Storage

Are you in compliance with Gramm-Leach-Bliley storage requirements?

Here is an overview of the Gramm-Leach-Bliley Act and its requirements that specifically address storage and security of data.

The Gramm-Leach-Bliley Act is aimed at financial institutions and is enforced by eight separate federal agencies and the states. Gramm-Leach-Bliley provides for a fairly broad interpretation of the phrase "financial institution" and not only affects banks, insurance companies, and security firms, but also brokers, lenders, tax preparers, and real estate settlement companies, among others.

How does this Act affect your storage systems? One major component of Gramm-Leach-Blileyrequires that safeguards be in place to protect your customers' private financial information. Here is an excerpt from the Act, the full text of which can be found at the link above.

"…(b) Financial institutions safeguards
In furtherance of the policy in subsection (a) of this section, each agency or authority described in section 6805(a) of this title shall establish appropriate standards for the financial institutions subject to their jurisdiction relating to administrative, technical, and physical safeguards -

(1) to insure the security and confidentiality of customer records and information;
(2) to protect against any anticipated threats or hazards to the security or integrity of such records; and
(3) to protect against unauthorized access to or use of such records or information which could result in substantial harm or inconvenience to any customer."

Another section of Gramm-Leach-Bliley indicates that institutions must "develop, implement, and maintain a comprehensive written information security program that contains administrative, technical, and physical safeguards that are appropriate to the size and complexity of the entity, the nature and scope of its activities, and the sensitivity of any customer information."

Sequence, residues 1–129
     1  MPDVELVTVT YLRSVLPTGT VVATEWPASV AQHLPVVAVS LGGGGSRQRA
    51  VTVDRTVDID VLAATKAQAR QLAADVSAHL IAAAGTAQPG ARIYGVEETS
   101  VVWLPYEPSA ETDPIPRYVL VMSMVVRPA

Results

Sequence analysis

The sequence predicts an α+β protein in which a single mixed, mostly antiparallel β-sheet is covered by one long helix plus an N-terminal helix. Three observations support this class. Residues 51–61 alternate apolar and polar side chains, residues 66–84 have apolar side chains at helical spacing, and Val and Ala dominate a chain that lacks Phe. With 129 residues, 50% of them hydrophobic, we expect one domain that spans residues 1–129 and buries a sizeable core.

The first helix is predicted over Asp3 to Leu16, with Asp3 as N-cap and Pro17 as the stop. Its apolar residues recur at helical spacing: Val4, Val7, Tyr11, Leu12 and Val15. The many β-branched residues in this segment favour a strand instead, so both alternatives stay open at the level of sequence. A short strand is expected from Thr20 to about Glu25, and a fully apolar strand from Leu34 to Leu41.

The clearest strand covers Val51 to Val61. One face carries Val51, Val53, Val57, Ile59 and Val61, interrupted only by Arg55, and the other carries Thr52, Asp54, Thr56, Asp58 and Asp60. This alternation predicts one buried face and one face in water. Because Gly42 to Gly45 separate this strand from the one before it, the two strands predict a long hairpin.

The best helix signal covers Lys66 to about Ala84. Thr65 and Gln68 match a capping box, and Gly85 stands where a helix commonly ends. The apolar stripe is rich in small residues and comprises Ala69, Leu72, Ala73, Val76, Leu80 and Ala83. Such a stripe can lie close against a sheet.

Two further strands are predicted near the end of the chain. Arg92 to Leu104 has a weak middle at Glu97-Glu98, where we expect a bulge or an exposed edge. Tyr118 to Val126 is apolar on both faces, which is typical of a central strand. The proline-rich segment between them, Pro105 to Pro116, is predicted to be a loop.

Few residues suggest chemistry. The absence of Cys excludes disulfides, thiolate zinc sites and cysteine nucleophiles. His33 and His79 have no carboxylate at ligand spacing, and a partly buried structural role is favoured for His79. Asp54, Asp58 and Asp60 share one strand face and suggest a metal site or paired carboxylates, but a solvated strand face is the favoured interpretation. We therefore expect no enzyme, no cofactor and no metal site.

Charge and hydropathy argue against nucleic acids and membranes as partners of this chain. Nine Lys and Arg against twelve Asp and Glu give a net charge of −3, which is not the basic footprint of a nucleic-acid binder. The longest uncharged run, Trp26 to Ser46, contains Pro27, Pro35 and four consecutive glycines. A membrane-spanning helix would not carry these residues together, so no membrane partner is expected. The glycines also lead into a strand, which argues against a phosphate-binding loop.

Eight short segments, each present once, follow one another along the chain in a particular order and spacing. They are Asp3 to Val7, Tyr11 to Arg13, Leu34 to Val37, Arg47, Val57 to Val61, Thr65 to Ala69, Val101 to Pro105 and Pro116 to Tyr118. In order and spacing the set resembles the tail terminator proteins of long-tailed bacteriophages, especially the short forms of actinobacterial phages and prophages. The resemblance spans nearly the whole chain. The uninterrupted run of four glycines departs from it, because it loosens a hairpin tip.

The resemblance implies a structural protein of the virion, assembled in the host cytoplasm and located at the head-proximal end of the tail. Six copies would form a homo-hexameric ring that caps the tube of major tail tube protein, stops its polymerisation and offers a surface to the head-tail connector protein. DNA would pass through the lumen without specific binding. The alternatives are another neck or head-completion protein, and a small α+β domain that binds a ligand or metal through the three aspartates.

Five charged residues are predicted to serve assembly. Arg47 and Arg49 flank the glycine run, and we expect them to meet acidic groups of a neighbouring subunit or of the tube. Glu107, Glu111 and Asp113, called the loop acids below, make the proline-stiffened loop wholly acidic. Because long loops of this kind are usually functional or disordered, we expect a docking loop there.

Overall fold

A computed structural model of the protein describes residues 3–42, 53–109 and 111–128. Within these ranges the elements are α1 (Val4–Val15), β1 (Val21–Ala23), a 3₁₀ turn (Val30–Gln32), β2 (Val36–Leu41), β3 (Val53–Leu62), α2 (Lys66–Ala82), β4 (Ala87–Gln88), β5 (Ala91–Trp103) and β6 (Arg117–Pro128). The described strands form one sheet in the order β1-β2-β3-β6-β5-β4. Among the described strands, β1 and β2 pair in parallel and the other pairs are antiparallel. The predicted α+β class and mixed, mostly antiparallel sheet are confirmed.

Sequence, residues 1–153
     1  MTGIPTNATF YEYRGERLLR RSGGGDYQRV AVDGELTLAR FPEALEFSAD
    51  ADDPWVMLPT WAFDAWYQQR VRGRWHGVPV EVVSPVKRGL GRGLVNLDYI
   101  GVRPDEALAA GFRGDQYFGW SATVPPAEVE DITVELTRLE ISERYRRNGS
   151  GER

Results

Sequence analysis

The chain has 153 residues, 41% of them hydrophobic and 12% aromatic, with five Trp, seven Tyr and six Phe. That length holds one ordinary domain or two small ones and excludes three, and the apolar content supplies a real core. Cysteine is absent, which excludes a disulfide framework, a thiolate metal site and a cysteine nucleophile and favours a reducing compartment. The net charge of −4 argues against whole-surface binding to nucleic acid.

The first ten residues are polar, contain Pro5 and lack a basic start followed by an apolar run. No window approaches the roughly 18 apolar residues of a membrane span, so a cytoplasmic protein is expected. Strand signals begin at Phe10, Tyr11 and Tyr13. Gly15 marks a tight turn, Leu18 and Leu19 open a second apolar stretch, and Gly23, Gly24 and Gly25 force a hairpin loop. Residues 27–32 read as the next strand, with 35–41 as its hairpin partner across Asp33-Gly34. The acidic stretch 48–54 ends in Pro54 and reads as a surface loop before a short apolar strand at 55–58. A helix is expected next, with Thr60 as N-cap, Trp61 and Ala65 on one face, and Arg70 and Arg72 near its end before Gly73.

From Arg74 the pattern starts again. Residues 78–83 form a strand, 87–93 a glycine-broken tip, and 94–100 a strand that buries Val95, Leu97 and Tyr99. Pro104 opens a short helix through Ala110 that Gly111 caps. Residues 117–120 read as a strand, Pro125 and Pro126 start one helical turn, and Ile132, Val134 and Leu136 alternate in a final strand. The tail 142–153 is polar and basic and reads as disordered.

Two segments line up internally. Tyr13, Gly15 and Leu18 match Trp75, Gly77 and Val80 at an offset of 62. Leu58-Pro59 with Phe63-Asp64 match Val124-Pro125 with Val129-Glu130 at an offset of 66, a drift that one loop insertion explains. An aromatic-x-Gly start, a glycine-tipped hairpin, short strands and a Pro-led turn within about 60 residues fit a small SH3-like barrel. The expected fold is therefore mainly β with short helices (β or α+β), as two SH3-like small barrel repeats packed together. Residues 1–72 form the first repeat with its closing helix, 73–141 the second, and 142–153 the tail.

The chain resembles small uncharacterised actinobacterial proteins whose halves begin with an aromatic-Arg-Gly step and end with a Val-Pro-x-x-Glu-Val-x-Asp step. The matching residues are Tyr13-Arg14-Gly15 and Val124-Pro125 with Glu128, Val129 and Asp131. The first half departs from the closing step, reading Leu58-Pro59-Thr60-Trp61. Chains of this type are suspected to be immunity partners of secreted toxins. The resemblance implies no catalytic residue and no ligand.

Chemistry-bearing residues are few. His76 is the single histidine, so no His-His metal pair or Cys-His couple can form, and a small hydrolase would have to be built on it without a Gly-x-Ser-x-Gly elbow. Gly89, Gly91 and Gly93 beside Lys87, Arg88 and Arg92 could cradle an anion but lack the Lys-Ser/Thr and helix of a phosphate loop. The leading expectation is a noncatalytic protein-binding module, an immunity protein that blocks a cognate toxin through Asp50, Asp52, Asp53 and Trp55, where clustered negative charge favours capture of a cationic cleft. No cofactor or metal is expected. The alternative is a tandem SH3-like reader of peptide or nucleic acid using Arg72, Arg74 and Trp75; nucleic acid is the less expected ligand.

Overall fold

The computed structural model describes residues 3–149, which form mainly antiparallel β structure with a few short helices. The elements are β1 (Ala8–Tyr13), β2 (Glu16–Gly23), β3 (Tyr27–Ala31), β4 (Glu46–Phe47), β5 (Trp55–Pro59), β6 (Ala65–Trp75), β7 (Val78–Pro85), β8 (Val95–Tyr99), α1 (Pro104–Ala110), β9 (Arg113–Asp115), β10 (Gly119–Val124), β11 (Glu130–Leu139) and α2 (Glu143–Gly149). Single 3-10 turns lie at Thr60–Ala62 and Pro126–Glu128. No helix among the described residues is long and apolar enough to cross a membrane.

What should you do to comply?

At present, the language in the Act is fairly broad and could be interpreted as providing a pretty loose standard by which institutions must protect customer information. I would anticipate that the recent problems with companies like ChoicePoint, LexisNexis, and at many colleges and universities will eventually lead to changes in this wording that make it stricter, even though the affected companies aren't necessarily covered by Gramm-Leach-Bliley.

Today's interpretation of Gramm-Leach-Bliley calls for controls on customer data, the strength of which are proportional to the sensitivity of the information being stored. What this means is that your data security goes well beyond your storage device alone and, in fact, encompasses a company's policies and procedures as well as the hardware that maintains the storage infrastructure.

When it comes to policies and procedures, you need to define who can access which data, and under what circumstances. Further, you should log access to sensitive customer information to help provide accountability and provide a deterrent to insiders that threaten customer privacy.

Your actual storage system should actually be secondary. As long as it's protected from unauthorized access, and you know who has permissions, when someone accessed information, and why, your company will be able to conduct business, even with Gramm-Leach-Bliley in place.

The short version: Your storage system should be protected from any and all outside and unauthorized access. Most intrusions are accomplished from inside the corporate firewall, so a single layer of defense is not enough. Further, don't forget about VPN access, which can be used for both legitimate as well as nefarious purposes. You must have technical solutions and policies in place that protect data. Anything less is both illegal, and—in these days of data and identity theft—irresponsible.

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